AO: This analysis looks for “valid” and “stable” metrics to evaluate the “return on investment” of team science.
AO: QUOTE: “Systematically tracking the career development trajectory of transdisciplinary trainees over time and examining the influence of earlier transdisciplinary training on their subsequent productivity will ultimately help to gauge the “returns” on team science investments at both individual and societal levels” (S247).
AO: The analysts call for more flexiblity in incentive structures but not in the ways of opening up and pluralizing but rather in terms of acknowledging, legitimating and supporting transdisciplinary work within the existing systems (not a radical vision but more of solidifying the legitimacy of this new transdisciplinary field).
AO: The analysts believe that collaboration is particularly important right now because the “grand, complex, and wicked challenges of today’s world necessitate new coalitions of actors from a wide variety of knowledge and action domains” (1). Nonetheless, they also note that “critically reflecting about potential collaborative synthesis, rather than pursuing it as a good in and of itself” (8) is also very important. The paper is written at the middle of an on-going project so they focus on the “how” of enabling collaborative synthesis rather than just making a case for it or assessing its impacts. The analysts appear to be most interested in how to facilitate collaborative synthesis (rather than just “connecting people”).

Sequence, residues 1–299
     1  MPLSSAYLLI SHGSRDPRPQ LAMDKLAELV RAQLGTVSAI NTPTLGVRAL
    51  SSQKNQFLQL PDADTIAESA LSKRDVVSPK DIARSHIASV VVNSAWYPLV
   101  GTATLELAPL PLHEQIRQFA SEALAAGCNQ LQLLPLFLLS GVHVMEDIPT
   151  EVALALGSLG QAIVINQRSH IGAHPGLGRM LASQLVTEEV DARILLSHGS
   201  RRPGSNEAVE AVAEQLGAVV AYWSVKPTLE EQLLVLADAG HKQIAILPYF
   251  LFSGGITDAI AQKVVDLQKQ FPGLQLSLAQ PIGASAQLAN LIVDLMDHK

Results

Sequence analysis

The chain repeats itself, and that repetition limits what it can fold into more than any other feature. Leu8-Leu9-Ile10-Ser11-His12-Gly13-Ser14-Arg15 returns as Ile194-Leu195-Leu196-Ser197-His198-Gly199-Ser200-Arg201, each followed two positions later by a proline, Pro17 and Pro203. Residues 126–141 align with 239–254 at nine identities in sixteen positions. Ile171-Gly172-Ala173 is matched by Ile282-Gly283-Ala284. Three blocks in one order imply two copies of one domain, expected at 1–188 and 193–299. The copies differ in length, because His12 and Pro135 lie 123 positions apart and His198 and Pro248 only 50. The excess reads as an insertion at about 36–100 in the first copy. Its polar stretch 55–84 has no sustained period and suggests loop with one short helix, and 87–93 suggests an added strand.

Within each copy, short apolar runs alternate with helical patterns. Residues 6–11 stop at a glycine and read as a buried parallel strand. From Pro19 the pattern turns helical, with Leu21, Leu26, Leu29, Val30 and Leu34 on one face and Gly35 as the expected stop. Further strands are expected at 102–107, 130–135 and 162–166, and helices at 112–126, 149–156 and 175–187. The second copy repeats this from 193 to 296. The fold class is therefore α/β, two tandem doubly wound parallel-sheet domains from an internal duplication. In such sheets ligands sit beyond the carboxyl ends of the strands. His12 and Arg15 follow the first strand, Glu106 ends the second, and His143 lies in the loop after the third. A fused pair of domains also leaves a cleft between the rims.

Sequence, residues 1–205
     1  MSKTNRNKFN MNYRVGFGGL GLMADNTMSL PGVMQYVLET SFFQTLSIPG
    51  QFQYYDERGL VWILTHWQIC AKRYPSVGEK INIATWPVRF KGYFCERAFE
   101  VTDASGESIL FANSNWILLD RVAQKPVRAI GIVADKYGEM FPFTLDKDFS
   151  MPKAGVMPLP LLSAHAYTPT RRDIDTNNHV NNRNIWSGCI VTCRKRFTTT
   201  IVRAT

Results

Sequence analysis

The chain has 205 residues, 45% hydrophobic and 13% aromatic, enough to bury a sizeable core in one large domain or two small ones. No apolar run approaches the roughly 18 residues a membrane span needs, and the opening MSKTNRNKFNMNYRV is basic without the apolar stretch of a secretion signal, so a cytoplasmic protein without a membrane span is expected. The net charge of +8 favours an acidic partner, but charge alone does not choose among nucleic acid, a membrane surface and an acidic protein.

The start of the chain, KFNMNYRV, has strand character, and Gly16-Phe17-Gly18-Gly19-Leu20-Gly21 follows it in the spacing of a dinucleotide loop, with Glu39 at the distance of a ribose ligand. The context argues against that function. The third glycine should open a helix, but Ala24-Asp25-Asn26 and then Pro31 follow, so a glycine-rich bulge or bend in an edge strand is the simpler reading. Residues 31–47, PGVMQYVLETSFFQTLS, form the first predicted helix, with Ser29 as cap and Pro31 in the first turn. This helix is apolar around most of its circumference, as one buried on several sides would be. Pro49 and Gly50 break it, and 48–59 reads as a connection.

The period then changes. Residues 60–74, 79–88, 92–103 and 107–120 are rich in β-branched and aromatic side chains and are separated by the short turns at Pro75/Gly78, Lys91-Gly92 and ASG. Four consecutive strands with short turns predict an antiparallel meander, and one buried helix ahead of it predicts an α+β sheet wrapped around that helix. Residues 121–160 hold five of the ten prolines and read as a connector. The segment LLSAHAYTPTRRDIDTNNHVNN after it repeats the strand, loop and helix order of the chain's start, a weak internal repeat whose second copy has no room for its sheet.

AO: The analysts are very strong at the nano, meta, macro levels. They are largely missing an eco level of analysis (at least as expressed in this genre which was targeting natural scientists). They are focused on research that has already been done and how to get feedback from the community. In some ways this sounds like my idea for a community advisory commitee (in parallel to a PhD academic advisory commitee). I do wonder where the exact data collected was stored or how the infrastructure question is dealt with. I thought the paper would be on how to build a data base that was housed/managed/stored by the community themselves but they did not actually go into that side of the data, rather, they focused on the politics of data and where it was circulated. They did not talk about where it was stored and kept.
There was an underlying assumption that communities know what is best for themselves. I believe this was a known assumption (to push back against a more traditional IRB which is very paternalistic and assumes that communities do not know what is best for them per say). But given the target audience (natural scientists), the analysts did not make this explicit.
AO: Analysts do not provide a “right answer” at the end of their fictitious stories, highlighting their assumption that there is not one right way to tackle the ethics involved. Nonetheless, they have “learning objectives” identified in the index of case studies at the back of the book. For example, the data trouble chapter notes: “To explore access to, use, and ownership of participants’ health data in collaborative medical research, and through this to reflect on collaboration between unequal partners.”
AO: The analysts hold that collaborative relationships will also (always?) necessarily involve ethical challenges (in the context of research).
AO: Analysts believe that successful collaboration (which has strong dialogue and deliberation) creates a wide range of relations that now only allow for science but also growth of personal relations which then produce even “better science” (235). Analysts argue for this process of “long-term engagement across difference.”